Individual snake samples were pooled by tissue type and by sex for total RNA isolation using TriReagent and cleaned-up using Qiagen RNAeasy columns. The TriReagent manufacture's protocol was followed, but instead of precipitating the RNA, the supernatant from the chloroform step was added (0.75:1) to the RLT/BME buffer from the Qiagen RNAeasy kit. From this point on the Qiagen protocol was followed. Quality of the RNA was verified with a Bioanalyzer nanochip (Agilent). Total RNA quantity was determined by both the Bioanalyzer nanochip and a Nanodrop. RNA from each tissue type was pooled in equal amounts into their respective Male and Female samples, and concentrations determined by fluorometry using Quant-iT OliGreen (Invitrogen).

Library preparation and sequencing

Library preparations for GS FLX Titanium (Roche/454 Life Sciences) sequencing were developed in the Center for Genomics and Bioinformatics, Indiana University based partially on methods for use in GS FLX standard sequencing described in Meyer et al. [25], with modifications (K. Mockaitis, unpublished). Briefly, cDNA was synthesized from 630 ng of each total RNA pool (male, female) in a manner similar to Clontech™SMART protocols, using primers optimized for the 454 sequencing process, and amplified by PCR to generate dsDNA. For partial normalization to reduce sequence coverage of high copy number transcripts, amplified cDNA was subjected to controlled in-solution hybridization and double-stranded nuclease (DSN) digestion using the Trimmer Direct kit (Evrogen) after reaction optimization. Normalized DNA was then fragmented by sonication, and ends enzymatically blunted and ligated to customized 454 adaptors. Amplification of ligation products exploited adaptor-mediated PCR suppression [25]. This method induces homo-adapted fragment hairpins, thereby severely limiting amplification of mis-ligated products. All amplification steps utilized high-fidelity polymerases. Final libraries were size selected by excision of the 500-800 bp fraction from agarose gels.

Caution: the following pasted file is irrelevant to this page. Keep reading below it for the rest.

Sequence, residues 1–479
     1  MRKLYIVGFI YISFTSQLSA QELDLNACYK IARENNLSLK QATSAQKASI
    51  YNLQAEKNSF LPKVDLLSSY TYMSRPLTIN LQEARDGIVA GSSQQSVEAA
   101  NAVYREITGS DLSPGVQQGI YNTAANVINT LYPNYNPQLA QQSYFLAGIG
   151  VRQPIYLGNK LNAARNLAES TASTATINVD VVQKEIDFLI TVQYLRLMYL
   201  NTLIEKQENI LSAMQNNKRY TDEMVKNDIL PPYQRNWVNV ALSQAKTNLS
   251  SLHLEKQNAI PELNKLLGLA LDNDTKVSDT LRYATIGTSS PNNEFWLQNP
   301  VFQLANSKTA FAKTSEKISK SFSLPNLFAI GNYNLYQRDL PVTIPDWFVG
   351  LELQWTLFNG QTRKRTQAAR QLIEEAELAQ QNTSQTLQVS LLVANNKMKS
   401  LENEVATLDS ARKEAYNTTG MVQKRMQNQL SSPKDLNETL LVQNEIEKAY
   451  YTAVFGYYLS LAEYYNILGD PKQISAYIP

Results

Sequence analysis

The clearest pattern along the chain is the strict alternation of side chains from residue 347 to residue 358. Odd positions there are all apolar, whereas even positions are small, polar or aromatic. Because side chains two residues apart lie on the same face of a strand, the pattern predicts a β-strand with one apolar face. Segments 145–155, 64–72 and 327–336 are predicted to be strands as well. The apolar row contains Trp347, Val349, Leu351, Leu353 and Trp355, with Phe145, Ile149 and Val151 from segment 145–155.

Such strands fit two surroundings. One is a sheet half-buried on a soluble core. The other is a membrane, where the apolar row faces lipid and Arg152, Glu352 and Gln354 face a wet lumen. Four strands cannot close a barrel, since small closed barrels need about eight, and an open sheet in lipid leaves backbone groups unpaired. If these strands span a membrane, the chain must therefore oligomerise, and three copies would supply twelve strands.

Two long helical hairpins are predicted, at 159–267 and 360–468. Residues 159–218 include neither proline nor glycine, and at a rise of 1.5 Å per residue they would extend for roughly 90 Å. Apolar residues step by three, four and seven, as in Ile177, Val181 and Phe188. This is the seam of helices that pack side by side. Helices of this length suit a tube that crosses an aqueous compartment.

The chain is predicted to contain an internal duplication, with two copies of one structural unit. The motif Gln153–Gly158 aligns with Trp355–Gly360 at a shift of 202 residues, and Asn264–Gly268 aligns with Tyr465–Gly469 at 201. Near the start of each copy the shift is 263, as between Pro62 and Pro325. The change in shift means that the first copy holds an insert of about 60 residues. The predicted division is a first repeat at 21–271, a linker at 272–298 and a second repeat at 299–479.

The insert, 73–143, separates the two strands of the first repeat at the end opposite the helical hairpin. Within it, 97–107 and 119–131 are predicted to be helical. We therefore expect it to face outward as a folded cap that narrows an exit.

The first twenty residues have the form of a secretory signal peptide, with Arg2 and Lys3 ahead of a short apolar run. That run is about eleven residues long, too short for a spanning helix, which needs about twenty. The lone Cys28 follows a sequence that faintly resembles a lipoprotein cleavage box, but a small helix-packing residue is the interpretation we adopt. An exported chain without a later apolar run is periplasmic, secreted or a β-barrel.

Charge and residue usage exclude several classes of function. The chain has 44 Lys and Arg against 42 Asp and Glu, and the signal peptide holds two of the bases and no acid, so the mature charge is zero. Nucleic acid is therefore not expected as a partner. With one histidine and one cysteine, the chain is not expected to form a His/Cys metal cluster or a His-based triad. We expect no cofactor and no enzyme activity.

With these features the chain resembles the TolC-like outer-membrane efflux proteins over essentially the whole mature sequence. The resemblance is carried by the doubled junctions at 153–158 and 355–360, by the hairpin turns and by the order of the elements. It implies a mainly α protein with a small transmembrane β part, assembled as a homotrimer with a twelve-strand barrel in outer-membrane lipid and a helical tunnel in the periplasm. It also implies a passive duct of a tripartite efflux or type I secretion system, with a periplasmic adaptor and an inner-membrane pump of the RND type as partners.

Emulsion PCR reactions were performed according to the manufacturer (Roche/454 Life Sciences). To optimize pyrosequencing throughput, prior to sequencing final libraries were titrated by emulsion PCR bead enrichment. Sequencing of male and female libraries was performed in parallel on a picotitre plate according to the manufacturer, and yielded 259 Mb (male) and 219 Mb (female) of sequence data in 1, 291869 reads with an average of 386 nts in length.

Sequencing adapters (A and B) were automatically removed from the reads using the signal processing software (Roche/454 Life Sciences). The reads were further cleaned and the adaptors removed by a program developed in-house at CGB, Indiana University http://sourceforge.net/projects/estclean/. After cleaning, sequences ≤30 bp were removed from the dataset. Thus the final cleaned dataset before assembly contained 1, 238, 280 reads with an average length of 366 nts (Table (Table11).